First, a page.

Tuesday, March 27, 2012

From My Collection: American Pie Movie Review

Sometimes I really wish I could experience things for the first time again. There’s nothing quite like seeing a hilarious comedy in a crowded theater early in its run, especially when you are smack within the age range of the target audience. I was 21 when American Pie came out and I saw it three times that summer. Although I’m sure I was much more likely then to enjoy a gross-out comedy than now, I was by no means a sheep that followed the masses when it came to movies. I’ve always had more discerning taste.

Now thirteen years later and eleven years after the first sequel, the original gang is back together for a new installment in the series. I’m a little bit nostalgic for that time in my life when I could more readily laugh hysterically at that type of comedy so I decided to take another look at American Pie and see just how well it holds up over time and to see if I’ve aged out of it. The good news is that the things I originally thought were good about it still are. The bad news is that it’s much harder to laugh out loud after having seen it several times and probably also because seeing something amongst others aids in the overall emotional reaction.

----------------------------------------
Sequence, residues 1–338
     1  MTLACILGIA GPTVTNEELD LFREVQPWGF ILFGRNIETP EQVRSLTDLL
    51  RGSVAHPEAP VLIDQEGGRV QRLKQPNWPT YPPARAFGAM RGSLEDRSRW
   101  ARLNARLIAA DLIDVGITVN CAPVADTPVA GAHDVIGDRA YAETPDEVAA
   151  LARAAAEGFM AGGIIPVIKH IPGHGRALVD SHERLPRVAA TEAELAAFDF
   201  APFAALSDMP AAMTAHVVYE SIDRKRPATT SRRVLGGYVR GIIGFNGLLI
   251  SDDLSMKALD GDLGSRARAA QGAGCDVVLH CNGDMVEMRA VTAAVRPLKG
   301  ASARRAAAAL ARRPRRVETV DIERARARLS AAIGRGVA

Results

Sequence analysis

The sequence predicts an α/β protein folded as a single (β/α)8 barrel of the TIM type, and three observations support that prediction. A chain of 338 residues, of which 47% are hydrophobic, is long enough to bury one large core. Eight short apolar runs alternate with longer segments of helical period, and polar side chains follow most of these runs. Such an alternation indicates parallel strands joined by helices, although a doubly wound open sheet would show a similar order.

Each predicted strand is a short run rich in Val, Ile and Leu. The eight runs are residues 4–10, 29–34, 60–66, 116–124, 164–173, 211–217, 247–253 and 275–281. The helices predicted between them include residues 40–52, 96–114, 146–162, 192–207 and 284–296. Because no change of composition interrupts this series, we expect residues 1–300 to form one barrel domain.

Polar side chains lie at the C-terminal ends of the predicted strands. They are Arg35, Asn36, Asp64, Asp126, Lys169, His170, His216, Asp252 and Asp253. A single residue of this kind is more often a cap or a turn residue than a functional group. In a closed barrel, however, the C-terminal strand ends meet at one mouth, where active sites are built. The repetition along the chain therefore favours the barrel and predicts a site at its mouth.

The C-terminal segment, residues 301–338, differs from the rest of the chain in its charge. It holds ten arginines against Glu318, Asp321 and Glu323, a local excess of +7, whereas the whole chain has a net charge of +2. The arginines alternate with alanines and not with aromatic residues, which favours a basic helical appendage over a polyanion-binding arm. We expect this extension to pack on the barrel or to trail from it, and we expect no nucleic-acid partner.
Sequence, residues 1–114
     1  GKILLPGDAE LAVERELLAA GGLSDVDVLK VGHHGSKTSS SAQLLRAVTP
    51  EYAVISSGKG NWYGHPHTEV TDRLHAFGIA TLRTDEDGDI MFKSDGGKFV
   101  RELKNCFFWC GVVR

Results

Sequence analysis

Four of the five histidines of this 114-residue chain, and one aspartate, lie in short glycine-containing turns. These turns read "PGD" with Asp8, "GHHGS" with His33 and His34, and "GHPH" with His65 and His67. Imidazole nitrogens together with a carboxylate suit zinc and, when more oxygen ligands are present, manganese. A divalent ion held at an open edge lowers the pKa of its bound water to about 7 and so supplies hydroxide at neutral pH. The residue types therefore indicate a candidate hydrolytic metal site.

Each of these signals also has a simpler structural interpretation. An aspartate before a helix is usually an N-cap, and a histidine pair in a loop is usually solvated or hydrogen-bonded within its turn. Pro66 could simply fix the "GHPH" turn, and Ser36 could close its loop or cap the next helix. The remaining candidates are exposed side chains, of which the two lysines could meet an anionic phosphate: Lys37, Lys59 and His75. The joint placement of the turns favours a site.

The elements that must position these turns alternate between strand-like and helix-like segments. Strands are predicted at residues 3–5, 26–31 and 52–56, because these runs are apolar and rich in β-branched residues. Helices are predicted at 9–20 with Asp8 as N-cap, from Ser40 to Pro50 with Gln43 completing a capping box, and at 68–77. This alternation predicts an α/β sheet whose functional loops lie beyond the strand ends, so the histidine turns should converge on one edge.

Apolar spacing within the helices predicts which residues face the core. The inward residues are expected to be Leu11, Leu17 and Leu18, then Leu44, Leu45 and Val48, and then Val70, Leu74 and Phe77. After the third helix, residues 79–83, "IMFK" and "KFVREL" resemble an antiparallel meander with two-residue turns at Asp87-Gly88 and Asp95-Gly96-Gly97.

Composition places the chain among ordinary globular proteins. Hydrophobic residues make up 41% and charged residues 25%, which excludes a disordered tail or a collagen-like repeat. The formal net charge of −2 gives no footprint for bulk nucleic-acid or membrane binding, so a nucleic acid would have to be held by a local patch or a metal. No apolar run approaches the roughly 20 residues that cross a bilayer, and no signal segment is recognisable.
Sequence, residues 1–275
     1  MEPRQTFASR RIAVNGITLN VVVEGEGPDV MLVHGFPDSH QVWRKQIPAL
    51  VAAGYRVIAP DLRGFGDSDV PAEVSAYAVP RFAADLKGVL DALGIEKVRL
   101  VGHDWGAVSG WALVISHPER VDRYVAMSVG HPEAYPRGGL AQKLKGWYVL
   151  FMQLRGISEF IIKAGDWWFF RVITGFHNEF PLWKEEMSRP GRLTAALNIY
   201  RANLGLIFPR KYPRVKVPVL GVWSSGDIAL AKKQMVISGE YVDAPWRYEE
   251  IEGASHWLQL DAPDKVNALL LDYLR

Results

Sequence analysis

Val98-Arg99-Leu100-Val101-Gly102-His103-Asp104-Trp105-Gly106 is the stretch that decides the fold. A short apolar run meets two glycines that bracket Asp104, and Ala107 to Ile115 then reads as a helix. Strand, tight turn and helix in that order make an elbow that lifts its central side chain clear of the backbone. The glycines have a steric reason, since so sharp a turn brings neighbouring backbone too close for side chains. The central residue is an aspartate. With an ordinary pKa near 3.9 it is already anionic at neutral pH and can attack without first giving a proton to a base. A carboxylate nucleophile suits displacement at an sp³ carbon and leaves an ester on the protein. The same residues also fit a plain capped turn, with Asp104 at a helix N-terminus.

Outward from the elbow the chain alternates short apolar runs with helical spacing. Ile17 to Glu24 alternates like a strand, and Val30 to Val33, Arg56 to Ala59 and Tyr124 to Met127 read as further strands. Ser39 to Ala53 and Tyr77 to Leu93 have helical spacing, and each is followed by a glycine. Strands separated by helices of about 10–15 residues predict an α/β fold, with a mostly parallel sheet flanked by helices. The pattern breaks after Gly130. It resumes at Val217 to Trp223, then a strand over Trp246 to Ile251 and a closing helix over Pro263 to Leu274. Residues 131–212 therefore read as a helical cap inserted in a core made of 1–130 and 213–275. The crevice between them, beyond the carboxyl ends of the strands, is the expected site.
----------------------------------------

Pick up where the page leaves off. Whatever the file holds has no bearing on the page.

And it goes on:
I imagine there’s a generation of teenagers and college students now, many of whom have not seen the film and will seek it out ahead of American Reunion, to be released next month. I have little doubt that those young people will enjoy the original film immensely given the right circumstances – it needs to be seen in a group. That opening scene of Jim getting caught both parents while masturbating to a scrambled porn channel has the power to generate painful hysteria, even if the majority of people under age 25 will have little idea and zero experience of partially scrambled cable channels.

I have a hunch that there are more teens out there who self-identify with Jim, the awkward and sexually inexperienced anxiety-ridden dork, than with his three best friends – Kevin, Oz, and Finch. The film works in part because the screenplay by Adam Herz wisely makes Jim (played by Jason Biggs) the central character of the four. His friends (Thomas Ian Nicholas, Chris Klein, and Eddie Kaye Thomas, respectively) are a cross-section of high school life. Oz (a shortened nickname version of his last name) is the jock, Kevin is the popular kid, and Finch is the intellectual who studies Latin, uses SAT words, and dresses like a college professor. Their plight is rather typical of the American high school student – they’re all desperate to lose their virginity before the end of senior year. After a big party thrown by Steve Stifler – the outlier of the group played to hilarious perfection by Seann William Scott, who plays lacrosse with Oz but is something of an embarrassment to everyone for his crass and vulgar expressions – the four friends make a pact to help each other out in their quest to have sex by prom.